Facebook Pixel

Numismatic Superstitions: Coins of the Dead

2022-10-24 17:00:00
Numismatic Superstitions: Coins of the Dead
Posted in: News, News

Numismatic Superstitions: Coins of the Dead

Superstitions have been prevalent in numismatics for thousands of years. The Colonists of early America believed that a Pine Tree shilling could ward off witches, children around the world will affirm that finding a heads-up penny on the sidewalk is an undeniable sign of good luck, and the Greeks placed coins on the eyes of the dead as payment to be taken to the afterlife. That last practice is commonly referred to as Charon’s obol and you may have seen it in a film or read about it in a book, but what did it really mean?

In Greek Mythology, Charon was the ferryman who transported the recently deceased spirits to the Underworld. Traveling to the Underworld was not easy, as spirits would have to cross the River Styx, but Charon would take them across in his boat. Well, as long as they paid his toll, as the myth goes. If they were unable to pay, then they’d be doomed to wander the riverbank for all eternity. To prevent this fate, the family of the deceased would include a small coin for them to give to Charon.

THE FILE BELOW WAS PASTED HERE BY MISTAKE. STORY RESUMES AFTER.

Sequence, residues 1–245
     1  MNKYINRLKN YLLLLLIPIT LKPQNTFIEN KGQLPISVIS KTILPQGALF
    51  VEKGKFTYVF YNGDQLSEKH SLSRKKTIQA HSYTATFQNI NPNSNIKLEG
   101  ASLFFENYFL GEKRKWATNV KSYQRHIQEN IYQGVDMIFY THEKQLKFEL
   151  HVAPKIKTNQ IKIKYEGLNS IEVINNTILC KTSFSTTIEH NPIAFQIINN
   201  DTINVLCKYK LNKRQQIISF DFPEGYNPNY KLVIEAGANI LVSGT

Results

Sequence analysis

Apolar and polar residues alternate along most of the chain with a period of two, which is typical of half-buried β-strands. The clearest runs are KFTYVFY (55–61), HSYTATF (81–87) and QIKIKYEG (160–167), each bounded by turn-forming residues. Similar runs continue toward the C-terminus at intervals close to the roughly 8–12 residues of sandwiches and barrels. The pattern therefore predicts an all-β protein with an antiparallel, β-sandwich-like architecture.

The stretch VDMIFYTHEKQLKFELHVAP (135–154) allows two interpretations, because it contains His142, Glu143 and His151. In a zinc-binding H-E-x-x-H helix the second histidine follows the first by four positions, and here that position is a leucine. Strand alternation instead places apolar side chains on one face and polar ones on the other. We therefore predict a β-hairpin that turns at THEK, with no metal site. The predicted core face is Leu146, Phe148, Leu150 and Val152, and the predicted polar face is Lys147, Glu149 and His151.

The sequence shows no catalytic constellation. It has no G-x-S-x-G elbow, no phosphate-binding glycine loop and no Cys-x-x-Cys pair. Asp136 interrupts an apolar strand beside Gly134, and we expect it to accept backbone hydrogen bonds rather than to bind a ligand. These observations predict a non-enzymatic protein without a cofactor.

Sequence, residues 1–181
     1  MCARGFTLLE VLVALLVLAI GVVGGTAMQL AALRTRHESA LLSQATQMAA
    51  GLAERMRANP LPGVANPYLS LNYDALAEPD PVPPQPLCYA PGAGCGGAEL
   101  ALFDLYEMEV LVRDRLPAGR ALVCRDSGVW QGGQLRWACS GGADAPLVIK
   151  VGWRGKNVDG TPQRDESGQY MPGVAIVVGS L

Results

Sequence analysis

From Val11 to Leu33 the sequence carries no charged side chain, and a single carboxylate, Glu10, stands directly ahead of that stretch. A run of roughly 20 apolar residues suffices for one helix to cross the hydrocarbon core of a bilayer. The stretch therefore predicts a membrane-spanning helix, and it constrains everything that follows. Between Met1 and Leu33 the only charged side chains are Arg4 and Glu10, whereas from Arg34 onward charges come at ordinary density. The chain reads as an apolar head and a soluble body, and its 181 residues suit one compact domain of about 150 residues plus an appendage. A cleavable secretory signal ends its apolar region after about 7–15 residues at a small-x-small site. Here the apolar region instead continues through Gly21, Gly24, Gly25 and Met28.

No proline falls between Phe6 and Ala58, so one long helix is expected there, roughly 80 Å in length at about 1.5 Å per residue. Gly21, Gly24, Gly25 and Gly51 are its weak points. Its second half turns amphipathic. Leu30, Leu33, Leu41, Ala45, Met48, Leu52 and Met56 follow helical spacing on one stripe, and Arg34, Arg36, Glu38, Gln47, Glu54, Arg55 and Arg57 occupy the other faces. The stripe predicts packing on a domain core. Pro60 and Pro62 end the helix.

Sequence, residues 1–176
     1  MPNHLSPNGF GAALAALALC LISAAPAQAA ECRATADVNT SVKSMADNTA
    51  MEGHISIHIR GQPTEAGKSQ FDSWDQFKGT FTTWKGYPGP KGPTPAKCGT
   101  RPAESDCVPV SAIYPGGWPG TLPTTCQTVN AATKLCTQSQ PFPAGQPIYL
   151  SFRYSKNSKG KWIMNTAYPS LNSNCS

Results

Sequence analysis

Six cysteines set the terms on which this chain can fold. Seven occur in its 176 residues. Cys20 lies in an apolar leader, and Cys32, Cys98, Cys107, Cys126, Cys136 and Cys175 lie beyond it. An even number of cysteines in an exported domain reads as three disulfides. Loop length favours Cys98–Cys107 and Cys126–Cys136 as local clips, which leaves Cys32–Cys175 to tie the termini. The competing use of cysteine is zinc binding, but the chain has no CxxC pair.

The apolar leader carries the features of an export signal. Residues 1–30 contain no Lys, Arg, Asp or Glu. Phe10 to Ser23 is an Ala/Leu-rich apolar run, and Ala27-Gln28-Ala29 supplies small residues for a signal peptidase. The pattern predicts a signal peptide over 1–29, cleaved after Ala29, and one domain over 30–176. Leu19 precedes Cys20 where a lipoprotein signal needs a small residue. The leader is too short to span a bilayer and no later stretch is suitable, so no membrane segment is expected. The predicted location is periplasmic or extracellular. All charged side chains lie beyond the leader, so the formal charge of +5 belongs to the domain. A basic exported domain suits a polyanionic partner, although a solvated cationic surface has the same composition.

Shortly after coins were first invented, they began appearing in graves. Some coins were placed on the body, near the hands or over the eyes, others were placed in the mouth. What these coins had in common is that they were of low value. The obol was a small silver coin, and the word was also later used to describe bronze coins with small denominations. The practice was first described in a text from around 500 BCE.

Before coinage was common, it was common in many cultures to see a body be buried with food, tools, flowers, or even minerals. These may have been seen as useful to the deceased in the afterlife or a way to commemorate how they lived their life. Besides coins, some specially-made pieces of gold foil with simple designs were used to commemorate the dead.

While placing a coin with a dead body is not commonplace anymore, coins have had uses with regards to death. In Victorian London, silver coins would be placed on the eyes of the dead. This was done to ensure that the deceased’s eyes remained closed and the coins would be removed before viewing or burial. Modern mortuary practices make this an obsolete method.

Coins can also be used to communicate with the living as they visit the dead. On the graves of soldiers, a visitor may place a coin to indicate how they knew them. Pennies are placed by friends, nickels are placed by someone they went to boot camp with, a dime means they served together, and a quarter indicates that they were present at the soldier’s death.

With such a rich history, numismatics have been part of many different cultures and meanings. Rare Collectibles TV offers many coins from ancient history, like those used as Charon’s obols, up through to today.